Keeping records in check

Electronic field training management gives police agencies a clear view of recruits' potential


     No department can afford to be without some kind of field training program. And while a majority of departments use a type of these programs, not all of them agree on which training — the Field Training Officer (FTO) model or Police Training Officer (PTO) model — is the best fit.

     The FTO model aims at helping post-academy recruits transition to single-officer assignments in a patrol division. It is often referred to as the "San Jose Model," after the first FTO training program at San Jose (California) Police Department in the 1970s.

     Using PTO models, recruits learn skills in community-based policing and problem solving. This model, the "Reno Model," originated at the Reno Police Department in Nevada and was meant to be a replacement for the FTO program, but today operates as an alternative training program. Regardless of which field training is selected, one thing all agencies can agree on is the need to automate how training records are documented, tracked and updated.

Training types

     Typically, the training officers receive from the academy is too minimal to prepare them for real-life work in the field, which is why many agencies immediately enroll new recruits in FTO or PTO programs. These programs are often intense and rigidly structured, rendering manual documentation of completed tasks almost impossible. Fortunately, several software packages are now available to electronically manage these aspects.

     Unlike most field training software makers, Crown Pointe Technologies Inc. of Portland, Oregon, offers software packages for both field training models. According to Charles Lowry, president of Crown Pointe Technologies, even though thousands of agencies design their field training to follow the San Jose FTO model, they ultimately customize training to suit their organization's needs.

     The FTO model is comprised of training tactics, documentations and forms that evaluate a recruit's performance. By the end of the program, recruits must complete skills mastery checklists.

     The PTO model lets officers apply specific skills to their daily performance, and includes a neighborhood familiarization project to teach recruits how to deal effectively with crime and other community issues.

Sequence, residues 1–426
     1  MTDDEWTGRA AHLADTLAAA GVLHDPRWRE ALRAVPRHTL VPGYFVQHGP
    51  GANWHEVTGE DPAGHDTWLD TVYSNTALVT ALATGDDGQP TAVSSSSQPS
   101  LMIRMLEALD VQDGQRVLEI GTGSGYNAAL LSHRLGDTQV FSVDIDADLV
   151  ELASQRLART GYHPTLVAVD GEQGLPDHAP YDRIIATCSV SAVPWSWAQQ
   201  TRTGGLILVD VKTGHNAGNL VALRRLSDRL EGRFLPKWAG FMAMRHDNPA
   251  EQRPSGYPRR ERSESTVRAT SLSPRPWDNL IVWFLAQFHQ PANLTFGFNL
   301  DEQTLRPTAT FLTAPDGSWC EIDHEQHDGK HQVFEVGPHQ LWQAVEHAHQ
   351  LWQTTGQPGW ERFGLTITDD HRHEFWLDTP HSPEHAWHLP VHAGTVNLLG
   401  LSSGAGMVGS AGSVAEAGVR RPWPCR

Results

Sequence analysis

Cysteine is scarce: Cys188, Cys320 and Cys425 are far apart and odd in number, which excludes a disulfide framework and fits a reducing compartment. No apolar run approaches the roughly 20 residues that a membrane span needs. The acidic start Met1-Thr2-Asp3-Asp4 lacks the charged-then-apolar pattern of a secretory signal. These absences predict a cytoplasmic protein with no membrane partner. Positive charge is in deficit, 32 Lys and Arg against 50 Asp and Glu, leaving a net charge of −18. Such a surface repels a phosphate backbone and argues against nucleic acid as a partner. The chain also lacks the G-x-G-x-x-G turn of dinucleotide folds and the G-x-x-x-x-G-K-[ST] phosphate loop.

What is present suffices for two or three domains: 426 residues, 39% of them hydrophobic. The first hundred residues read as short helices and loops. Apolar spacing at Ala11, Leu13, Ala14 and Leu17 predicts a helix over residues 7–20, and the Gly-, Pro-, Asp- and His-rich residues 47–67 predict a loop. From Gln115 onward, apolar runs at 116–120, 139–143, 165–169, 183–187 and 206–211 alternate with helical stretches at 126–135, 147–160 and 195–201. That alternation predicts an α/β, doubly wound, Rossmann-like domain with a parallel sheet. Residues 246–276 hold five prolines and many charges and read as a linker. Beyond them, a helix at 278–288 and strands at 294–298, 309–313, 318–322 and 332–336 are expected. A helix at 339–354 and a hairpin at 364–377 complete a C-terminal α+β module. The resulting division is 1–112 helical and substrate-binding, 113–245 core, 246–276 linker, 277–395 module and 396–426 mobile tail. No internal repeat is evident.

Although FTO models are more widely used, the PTO model is gaining popularity due to its emphasis on self-evaluation and problem-solving skills.

Self-evaluation

     According to PTO Officer Ben Harvey, one of the intents of the problem-based PTO software is to allow for self-evaluation and reflection among trainees. "Crown Pointe's software causes the recruit to start at the first core competency and write about it. Then it kicks you to the next one."

     Crown Pointe Technologies' PTO system supports six types of PTO documents in a fully automated format, including: Coaching and Training Report, Daily Journal, Neighborhood Portfolio Exercise, Problem-Based Learning Exercises, Mid-Term Evaluation Report and Final Evaluation Report. It will soon offer a Web-based version of both its FTO and PTO systems as well.

     Corvallis (Oregon) Police Lt. Todd Bailey, PTO program manager, appreciates how the software enables him to quickly scan the status of any category of a recruit's progress.

     "I like that I can pull up [information] any time and know where that recruit's at," says Bailey. "I like that I can read recruits' comments [because] self-assessment is critical. If they can't self-evaluate, recruits are going to struggle in this career."

A holistic approach

     According to Richmond (California) Police Sgt. Roger Buhlis, it's important that PTO recruits understand their role in the community in a more holistic mode. Buhlis helped form the nationwide Police Society for Problem-Based Learning (PSPBL). In 2003 PSPBL launched the PTO model with a small band of pilot police agencies, of which the Reno PD and Richmond PD were founding members. This pilot project also included police departments in Lowell, Massachusetts; Savannah, Georgia; Colorado Springs, Colorado; and Charlotte-Mecklenburg, North Carolina.

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